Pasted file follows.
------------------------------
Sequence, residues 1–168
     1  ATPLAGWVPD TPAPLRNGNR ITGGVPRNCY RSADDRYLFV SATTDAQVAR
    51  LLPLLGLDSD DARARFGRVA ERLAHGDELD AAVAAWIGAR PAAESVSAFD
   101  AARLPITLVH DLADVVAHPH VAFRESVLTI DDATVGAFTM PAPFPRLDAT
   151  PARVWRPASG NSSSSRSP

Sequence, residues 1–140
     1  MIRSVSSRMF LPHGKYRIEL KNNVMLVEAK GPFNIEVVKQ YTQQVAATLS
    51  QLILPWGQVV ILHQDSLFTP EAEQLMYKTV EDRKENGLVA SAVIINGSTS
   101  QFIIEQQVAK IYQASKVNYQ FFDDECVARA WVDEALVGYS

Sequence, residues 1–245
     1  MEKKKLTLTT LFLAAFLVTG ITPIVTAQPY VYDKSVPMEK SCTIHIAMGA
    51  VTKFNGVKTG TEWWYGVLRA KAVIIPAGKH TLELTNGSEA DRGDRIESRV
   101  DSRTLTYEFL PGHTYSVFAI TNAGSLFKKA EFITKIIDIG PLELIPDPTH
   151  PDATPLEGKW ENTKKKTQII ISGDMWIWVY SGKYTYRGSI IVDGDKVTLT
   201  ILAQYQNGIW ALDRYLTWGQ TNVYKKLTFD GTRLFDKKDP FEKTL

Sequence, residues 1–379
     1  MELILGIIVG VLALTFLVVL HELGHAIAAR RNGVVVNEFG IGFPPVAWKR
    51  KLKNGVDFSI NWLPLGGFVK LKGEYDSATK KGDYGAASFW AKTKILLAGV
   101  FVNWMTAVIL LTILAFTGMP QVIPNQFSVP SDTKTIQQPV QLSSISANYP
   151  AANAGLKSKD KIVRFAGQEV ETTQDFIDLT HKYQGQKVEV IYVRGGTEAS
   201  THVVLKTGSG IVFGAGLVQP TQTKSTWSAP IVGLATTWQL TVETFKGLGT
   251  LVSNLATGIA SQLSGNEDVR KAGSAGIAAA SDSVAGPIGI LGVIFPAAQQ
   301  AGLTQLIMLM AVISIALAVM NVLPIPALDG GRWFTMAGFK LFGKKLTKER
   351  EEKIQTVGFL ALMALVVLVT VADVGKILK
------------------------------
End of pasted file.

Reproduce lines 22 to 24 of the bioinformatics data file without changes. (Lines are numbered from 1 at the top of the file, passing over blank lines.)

   251  LVSNLATGIA SQLSGNEDVR KAGSAGIAAA SDSVAGPIGI LGVIFPAAQQ
   301  AGLTQLIMLM AVISIALAVM NVLPIPALDG GRWFTMAGFK LFGKKLTKER
   351  EEKIQTVGFL ALMALVVLVT VADVGKILK